Throughout time, monumental discoveries have been made that have greatly benefited society. Although every discovery eventually receives its time in the spotlight, the brilliance of many discoveries by hardworking scientists go overlooked until long after the scientists are gone. We who benefit from these discoveries end up saying that these people were “ahead of their time,” and therefore they were not recognized for their greatness and potential during the time in which they lived.
This anthology includes 20 instances where discoveries from a wide variety of scientific fields were made before the world was ready for them. Also included in these 20 examples are the profiles of scientists who did not receive the recognition they should have at the time, simply because their discovery was not made in a time period that could fully implement and comprehend their discovery’s advanced features and societal importance.
Continue reading “Scientific Anthology: Discoveries Ahead of Their Time”
“The most creative individuals in Reuf’s survey consistently had broad social networks that extended outside their organization and involved people from diverse fields of expertise… Diverse, horizontal social networks, in Reuf’s analysis, were three times more innovative than uniform, vertical networks. In groups united by shared values and long-term familiarity, conformity and convention tended to dampen any potential creative sparks” -Johnson 166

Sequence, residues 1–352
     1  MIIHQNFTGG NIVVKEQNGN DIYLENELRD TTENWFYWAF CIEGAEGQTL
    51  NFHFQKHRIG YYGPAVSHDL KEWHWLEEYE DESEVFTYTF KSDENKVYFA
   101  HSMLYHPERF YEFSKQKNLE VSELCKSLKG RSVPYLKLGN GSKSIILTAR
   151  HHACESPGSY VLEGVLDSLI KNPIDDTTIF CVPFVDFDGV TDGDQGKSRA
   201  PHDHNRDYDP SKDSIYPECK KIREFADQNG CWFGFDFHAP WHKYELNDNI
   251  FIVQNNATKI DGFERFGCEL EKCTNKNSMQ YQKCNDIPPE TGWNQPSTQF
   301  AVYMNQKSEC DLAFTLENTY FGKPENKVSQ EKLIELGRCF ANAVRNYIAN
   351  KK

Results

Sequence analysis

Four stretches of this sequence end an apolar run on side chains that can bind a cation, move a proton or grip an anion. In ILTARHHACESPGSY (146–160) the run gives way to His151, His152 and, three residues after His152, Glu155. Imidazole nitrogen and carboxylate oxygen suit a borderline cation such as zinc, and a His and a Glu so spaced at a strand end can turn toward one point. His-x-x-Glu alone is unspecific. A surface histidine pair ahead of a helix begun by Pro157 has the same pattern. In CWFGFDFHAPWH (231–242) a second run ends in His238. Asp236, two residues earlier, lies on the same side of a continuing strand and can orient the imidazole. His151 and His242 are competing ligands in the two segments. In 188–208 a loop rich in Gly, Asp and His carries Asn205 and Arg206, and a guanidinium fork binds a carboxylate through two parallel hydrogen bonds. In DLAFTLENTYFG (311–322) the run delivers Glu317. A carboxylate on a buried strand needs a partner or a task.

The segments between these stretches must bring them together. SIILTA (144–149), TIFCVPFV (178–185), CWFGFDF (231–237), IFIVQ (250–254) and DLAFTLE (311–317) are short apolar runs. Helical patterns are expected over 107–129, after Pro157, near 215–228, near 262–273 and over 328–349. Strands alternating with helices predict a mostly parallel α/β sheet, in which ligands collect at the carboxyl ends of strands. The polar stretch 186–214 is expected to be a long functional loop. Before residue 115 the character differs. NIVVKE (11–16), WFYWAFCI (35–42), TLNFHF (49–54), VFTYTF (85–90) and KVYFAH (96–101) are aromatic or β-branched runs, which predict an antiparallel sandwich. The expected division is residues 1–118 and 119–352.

I think that most people would agree with this quote (even though it was already proven in a scientific study). Johnson alluded to this idea earlier when he suggested that the more people collaborate, the more innovative they are. But he also suggested an example where offices tried to encourage more talking between employees by having an “open” workspace, where people weren’t separated by desk barriers and behind computer screens all day. But he said that this design did not work because people preferred privacy where they could work. So if bringing people and their diverse ideas and ways of thinking together is the best way to move forward, how do we promote it? How do we “force” people to become innovative without actually “forcing” them to?
I think so far, Google has the best example. Like Johnson said, Google gives its employees mandatory time every day to work on their own project. But I think there are ways to improve upon this idea, and I think especially for companies that rely on new ideas to stay prosperous and afloat, it is a must to encourage more innovation. I think one way to do this is definitely to give employees time to work on their own projects like Google. But I think to take it a step further, employees should have to make their projects public at all times to other employees and mandatory for them to respond to a piece of positive and negative criticism once a week. This will encourage more human interaction and connections and force the more “diverse” and “horizontal” networks that Johnson refers to.